Resource Logo
AIDS Weekly Plus

Research Conducted at Mount Sinai Medical Center Has Updated Our Knowledge about AIDS/HIV Research




 



2012 DEC 24 (NewsRx) -- By a News Reporter-Staff News Editor at AIDS Weekly -- A new study on AIDS/HIV Research is now available. According to news reporting originating in New York City, New York, by NewsRx journalists, research stated, "The apolipoprotein E (APOE) epsilon 4 allele enhances cerebral accumulation of beta-amyloid (A beta) and is a major risk factor for sporadic Alzheimer's disease. We hypothesized that HIV-associated neurocognitive disorders (HAND) would be associated with the APOE epsilon 4 genotype and cerebral A beta deposition."

The news reporters obtained a quote from the research from Mount Sinai Medical Center, "Clinicopathological study of HIV-infected adults from four prospective cohorts in the US National NeuroAIDS Tissue Consortium. We used multivariable logistic regressions to model outcomes [A beta plaques (immunohistochemistry) and HAND (standard criteria)] on predictors [APOE epsilon 4 (allelic discrimination assay), older age (>= 50 years), A beta plaques, and their two-way interactions] and comorbid factors. Isocortical A beta deposits generally occurred as diffuse plaques and mild-to-moderate amyloid angiopathy. Isocortical phospho-Tau-immunoreactive neurofibrillary lesions were sparse. The APOE epsilon 4 and older age were independently associated with the presence of A beta plaques [adjusted odds ratio (OR) 10.16 and 5.77, 95% confidence interval (CI) 2.89-35.76 and 1.91-17.48, P=0.0003 and 0.0019, respectively, n=96]. The probability of HAND was increased in the presence of Ab plaques among APOE epsilon 4 carriers (adjusted OR 30.00, 95% CI 1.41-638.63, P=0.029, n=15), but not in non-epsilon 4 carriers (n=57). The APOE epsilon 4 and older age increased the likelihood of cerebral A beta plaque deposition in HIV-infected adults. Generally, A beta plaques in HIV brains were immunohistologically different from those in symptomatic Alzheimer's disease brains. Nonetheless, A beta plaques were associated with HAND among APOE epsilon 4 carriers."

According to the news reporters, the research concluded: "The detection of APOE epsilon 4 genotype and cerebral Ab deposition biomarkers may be useful in identifying living HAND patients who could benefit from A beta-targeted therapies."

For more information on this research see: Cerebral beta-amyloid deposition predicts HIV-associated neurocognitive disorders in APOE epsilon 4 carriers. Aids, 2012;26(18):2327-2335. Aids can be contacted at: Lippincott Williams & Wilkins, 530 Walnut St, Philadelphia, PA 19106-3621, USA. (Lippincott Williams and Wilkins - www.lww.com; Aids - journals.lww.com/aidsonline/pages/default.aspx)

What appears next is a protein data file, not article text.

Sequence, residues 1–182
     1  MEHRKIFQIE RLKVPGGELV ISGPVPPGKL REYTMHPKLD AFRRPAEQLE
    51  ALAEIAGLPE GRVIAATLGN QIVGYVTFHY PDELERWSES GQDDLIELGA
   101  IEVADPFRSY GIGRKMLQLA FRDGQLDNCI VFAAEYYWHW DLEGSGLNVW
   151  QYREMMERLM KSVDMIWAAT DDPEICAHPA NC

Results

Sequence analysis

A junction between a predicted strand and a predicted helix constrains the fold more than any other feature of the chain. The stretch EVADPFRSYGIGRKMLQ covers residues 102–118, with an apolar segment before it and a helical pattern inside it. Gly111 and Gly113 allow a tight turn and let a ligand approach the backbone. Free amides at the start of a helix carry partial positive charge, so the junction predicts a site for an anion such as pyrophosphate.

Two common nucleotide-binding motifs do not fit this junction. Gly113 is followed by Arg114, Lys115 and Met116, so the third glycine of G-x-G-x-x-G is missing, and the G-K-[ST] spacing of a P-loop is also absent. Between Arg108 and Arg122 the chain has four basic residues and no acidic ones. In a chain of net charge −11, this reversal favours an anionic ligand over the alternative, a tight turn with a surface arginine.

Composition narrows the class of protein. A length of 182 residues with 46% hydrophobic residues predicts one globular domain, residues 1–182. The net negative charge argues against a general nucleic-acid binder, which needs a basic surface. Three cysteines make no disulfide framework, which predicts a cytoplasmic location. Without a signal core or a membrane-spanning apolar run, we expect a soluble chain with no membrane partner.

Our news correspondents report that additional information may be obtained by contacting V. Soontornniyomkij, Mt Sinai Med Center, Manhattan HIV Brain Bank, New York, NY 10029, United States (see also AIDS/HIV Research).

Keywords for this news article include: Amyloid, HIV/AIDS, Proteins, RNA Viruses, Retroviridae, New York City, United States, HIV Infections, AIDS/HIV Research, Vertebrate Viruses, Primate Lentiviruses, North and Central America, Viral Sexually Transmitted Diseases

Our reports deliver fact-based news of research and discoveries from around the world. Copyright 2012, NewsRx LLC



 


Copyright © 2012 -AIDS Weekly Plus, Publisher. All rights reserved to Charles Henderson, Publisher. Permission to reproduce granted to AEGIS by Charles W. Henderson. Authorization to reproduce for personal use granted granted by C. W. Henderson, Publisher, provided that the fee of US$4.50 per copy, per page is paid directly to the Copyright Clearance Center, 27 Congress Street, Salem, Massachusetts 01970, USA. Published by Charles Henderson, Publisher. Editorial & Publishing Office: P.O. Box 5528, Atlanta, GA 30307-0528 / Telephone: (800) 633- 4931; Subscription Office: P.O. Box 830409, Birmingham, AL 35283-0409 / FAX:(205) 995-1588 Visit AIDS WEEKLY PLUS.



Information in this article was accurate in December 24, 2012. The state of the art may have changed since the publication date. This material is designed to support, not replace, the relationship that exists between you and your doctor. Always discuss treatment options with a doctor who specializes in treating HIV.